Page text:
So both Moses, the great lawgiver, and Elijah, the great prophet, saw God pass by. And both of them by God’s power split the waters to walk upon dry land. Moses split the Red Sea to deliver the people from the Egyptian army, and as we heard today Elijah split the Jordan River so he and Elisha could cross over.

And now Jesus walks upon the water as if it were dry land. Like Moses and Elijah he crosses the sea to deliver and strengthen his companions and followers. And as God’s own self passed by them both so too does Jesus pass by his disciples.

I said that he wanted to be near them, and so he does. But I think he also wants to show them who he is.

All the agency is with him in this story. He sent them into the boat and into the storm, he dismissed the crowds, he removed himself to a great distance, and now he wants to be with the disciples and to show them and us something of himself in a new way.

The Book of Job tells us that it is God that treads upon the waves, and by God’s power Moses and Elijah crossed the waters. Now God himself incarnate as Jesus Christ is crossing the water, and passing by his people to be a revelation to them and an encouragement in their struggle.

For just as God called himself by his name—I AM—as he passed by Moses, so too does Jesus call himself I AM when he speaks to the frightened disciples. “Take heart, it is I; have no fear.” Take heart. Don’t be afraid. He said that last time too, but this time he adds something new.

The literal center of that message, the core of his exhortation to be unafraid, is the reason why we should not be afraid, why we must take heart in the face of struggle: Because it is I. In Greek what Jesus literally says is: I AM. It is I. The great I AM. I am none other than God, and I am here with you.

Remember how last time we talked about the calming of the storm the disciples were stunned then too, and they said to themselves “Who is this?” Well, this is the answer to that question: It is I, the Lord, the one who is.

Now in Greek these words could also be taken according to their surface meaning, which is just the way we have translated them here. Jesus could be saying something as simple as “Take heart. It’s me. Have no fear.” I AM and “It’s me” are said just the same way in Greek.

So what does Mark mean? Is Jesus claiming for himself the name of God? I think Mark wants us, his readers, to see that Jesus is God, to see that like God he too passes by those who would seek his face and hear his words, to see that he is the one who calls himself I AM. But I don’t think the disciples hear it this way.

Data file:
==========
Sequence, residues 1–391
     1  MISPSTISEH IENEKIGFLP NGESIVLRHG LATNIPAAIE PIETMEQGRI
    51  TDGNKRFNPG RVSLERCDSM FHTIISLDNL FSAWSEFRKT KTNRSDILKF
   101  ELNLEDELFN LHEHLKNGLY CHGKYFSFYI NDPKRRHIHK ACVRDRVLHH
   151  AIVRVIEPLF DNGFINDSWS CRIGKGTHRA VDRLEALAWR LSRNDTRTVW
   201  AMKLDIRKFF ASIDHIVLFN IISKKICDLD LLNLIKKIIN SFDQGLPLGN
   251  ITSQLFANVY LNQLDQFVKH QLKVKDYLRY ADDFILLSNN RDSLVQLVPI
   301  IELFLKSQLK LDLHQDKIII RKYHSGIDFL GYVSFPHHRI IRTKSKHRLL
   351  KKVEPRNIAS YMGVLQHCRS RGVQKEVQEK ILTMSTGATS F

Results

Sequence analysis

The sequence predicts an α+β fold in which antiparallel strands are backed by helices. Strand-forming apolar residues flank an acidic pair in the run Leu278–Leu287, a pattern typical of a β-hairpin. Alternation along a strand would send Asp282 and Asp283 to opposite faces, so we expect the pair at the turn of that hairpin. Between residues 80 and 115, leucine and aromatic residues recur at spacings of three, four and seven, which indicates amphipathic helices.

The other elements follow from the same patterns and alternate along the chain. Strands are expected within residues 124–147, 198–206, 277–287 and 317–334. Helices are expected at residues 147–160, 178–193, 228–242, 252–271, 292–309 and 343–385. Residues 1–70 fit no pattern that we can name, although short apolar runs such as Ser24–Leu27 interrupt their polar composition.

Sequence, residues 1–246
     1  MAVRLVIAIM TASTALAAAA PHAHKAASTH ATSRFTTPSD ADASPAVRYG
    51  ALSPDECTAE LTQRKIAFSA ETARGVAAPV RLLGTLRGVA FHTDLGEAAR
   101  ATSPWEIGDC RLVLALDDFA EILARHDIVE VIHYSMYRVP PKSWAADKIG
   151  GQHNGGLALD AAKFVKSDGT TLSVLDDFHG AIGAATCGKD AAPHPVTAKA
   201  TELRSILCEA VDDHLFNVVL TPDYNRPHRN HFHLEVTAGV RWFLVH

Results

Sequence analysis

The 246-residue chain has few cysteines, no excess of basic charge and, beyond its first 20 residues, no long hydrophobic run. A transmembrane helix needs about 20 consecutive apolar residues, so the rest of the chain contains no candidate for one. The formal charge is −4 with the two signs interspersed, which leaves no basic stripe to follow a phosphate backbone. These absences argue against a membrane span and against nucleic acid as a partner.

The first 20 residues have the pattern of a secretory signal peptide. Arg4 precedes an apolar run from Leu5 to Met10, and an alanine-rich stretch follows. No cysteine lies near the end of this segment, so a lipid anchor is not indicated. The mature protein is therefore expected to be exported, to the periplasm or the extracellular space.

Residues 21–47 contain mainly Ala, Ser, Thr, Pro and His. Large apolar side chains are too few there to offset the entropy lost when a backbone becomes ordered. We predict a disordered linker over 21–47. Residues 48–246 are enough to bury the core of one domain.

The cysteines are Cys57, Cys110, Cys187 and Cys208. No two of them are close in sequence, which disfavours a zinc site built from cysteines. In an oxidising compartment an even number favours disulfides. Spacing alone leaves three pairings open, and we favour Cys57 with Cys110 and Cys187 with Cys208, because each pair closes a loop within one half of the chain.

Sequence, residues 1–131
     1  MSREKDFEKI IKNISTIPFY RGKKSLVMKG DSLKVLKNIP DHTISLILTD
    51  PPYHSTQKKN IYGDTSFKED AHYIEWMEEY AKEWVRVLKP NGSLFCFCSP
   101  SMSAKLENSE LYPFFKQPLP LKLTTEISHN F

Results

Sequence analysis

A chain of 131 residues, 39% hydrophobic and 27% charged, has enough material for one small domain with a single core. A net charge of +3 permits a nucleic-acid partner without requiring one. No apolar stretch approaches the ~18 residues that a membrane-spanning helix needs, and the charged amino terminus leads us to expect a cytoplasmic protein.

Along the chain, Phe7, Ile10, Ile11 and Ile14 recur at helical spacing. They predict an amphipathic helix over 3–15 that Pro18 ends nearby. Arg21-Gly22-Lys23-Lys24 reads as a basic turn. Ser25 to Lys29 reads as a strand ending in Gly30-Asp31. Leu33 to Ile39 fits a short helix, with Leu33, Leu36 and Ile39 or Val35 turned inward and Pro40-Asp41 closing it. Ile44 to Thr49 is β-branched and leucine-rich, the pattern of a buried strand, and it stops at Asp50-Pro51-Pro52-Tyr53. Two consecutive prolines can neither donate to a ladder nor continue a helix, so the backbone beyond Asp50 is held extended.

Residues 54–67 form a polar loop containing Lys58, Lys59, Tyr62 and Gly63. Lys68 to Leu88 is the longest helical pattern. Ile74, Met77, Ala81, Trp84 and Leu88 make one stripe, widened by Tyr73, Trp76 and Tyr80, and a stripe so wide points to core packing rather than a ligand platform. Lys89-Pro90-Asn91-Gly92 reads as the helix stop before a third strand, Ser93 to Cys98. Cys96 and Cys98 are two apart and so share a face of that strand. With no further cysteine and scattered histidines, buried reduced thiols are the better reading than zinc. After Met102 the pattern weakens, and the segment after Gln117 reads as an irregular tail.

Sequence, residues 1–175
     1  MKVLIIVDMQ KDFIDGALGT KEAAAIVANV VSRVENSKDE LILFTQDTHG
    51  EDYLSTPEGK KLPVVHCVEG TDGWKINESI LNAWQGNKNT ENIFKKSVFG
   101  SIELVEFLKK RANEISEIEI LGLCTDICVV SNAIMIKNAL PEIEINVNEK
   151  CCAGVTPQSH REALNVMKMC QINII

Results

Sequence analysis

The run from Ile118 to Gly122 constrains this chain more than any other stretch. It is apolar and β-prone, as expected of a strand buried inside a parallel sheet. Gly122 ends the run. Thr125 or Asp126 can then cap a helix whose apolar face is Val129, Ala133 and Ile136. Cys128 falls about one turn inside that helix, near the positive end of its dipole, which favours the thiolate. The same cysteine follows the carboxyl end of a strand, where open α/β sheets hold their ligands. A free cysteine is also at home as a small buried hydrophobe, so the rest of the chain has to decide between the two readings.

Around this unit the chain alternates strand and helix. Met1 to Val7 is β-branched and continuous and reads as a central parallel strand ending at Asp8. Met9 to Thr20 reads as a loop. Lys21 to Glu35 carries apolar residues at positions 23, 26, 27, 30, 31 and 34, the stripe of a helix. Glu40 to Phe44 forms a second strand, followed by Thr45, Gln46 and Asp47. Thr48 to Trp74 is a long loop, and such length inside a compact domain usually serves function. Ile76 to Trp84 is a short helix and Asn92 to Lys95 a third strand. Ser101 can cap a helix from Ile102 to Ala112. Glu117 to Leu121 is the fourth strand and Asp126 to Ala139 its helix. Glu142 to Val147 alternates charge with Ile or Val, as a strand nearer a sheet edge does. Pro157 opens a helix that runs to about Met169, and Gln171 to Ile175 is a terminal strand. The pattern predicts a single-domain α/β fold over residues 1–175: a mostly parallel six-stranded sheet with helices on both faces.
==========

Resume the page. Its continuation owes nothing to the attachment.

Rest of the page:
Mark is ambiguous on this point because the situation is ambiguous. Jesus has tried to show them who he is, and they still do not get it. And their failure to get it has something to do with their failure to get the feeding of the thousands.

Early in this same chapter Jesus is shocked by the unbelief of his neighbors in Nazareth; he must be just as shocked now. The disciples have seen a miracle tonight, and it’s far from the first. Yet they still don’t see him for who he is. They have seen Jesus do amazing things, but they don’t know why he does what he does.

And this is surely frustrating for everyone. We have to have some patience with the disciples; Jesus certainly does. He doesn’t insist that they figure it all out right away, and he doesn’t ask us to do so either.

And I think in fairness what Jesus does is often confusing. Last time he slept through the storm, and the disciples rightly panicked and asked him to do something. This time they are in trouble again, and Jesus seems to parade past them and give them more of a fright than a help.

But Mark wants us to see that the Son of God is sent by his father to be close to us and come to our aid. He wants to be with us, he wants to be near us, he puts us at arm’s length only for a little while and only for an important reason. And the moment he steps into the boat, the moment he is with us again, the struggle is over. So it was for them, and so it can be for us as well. Amen.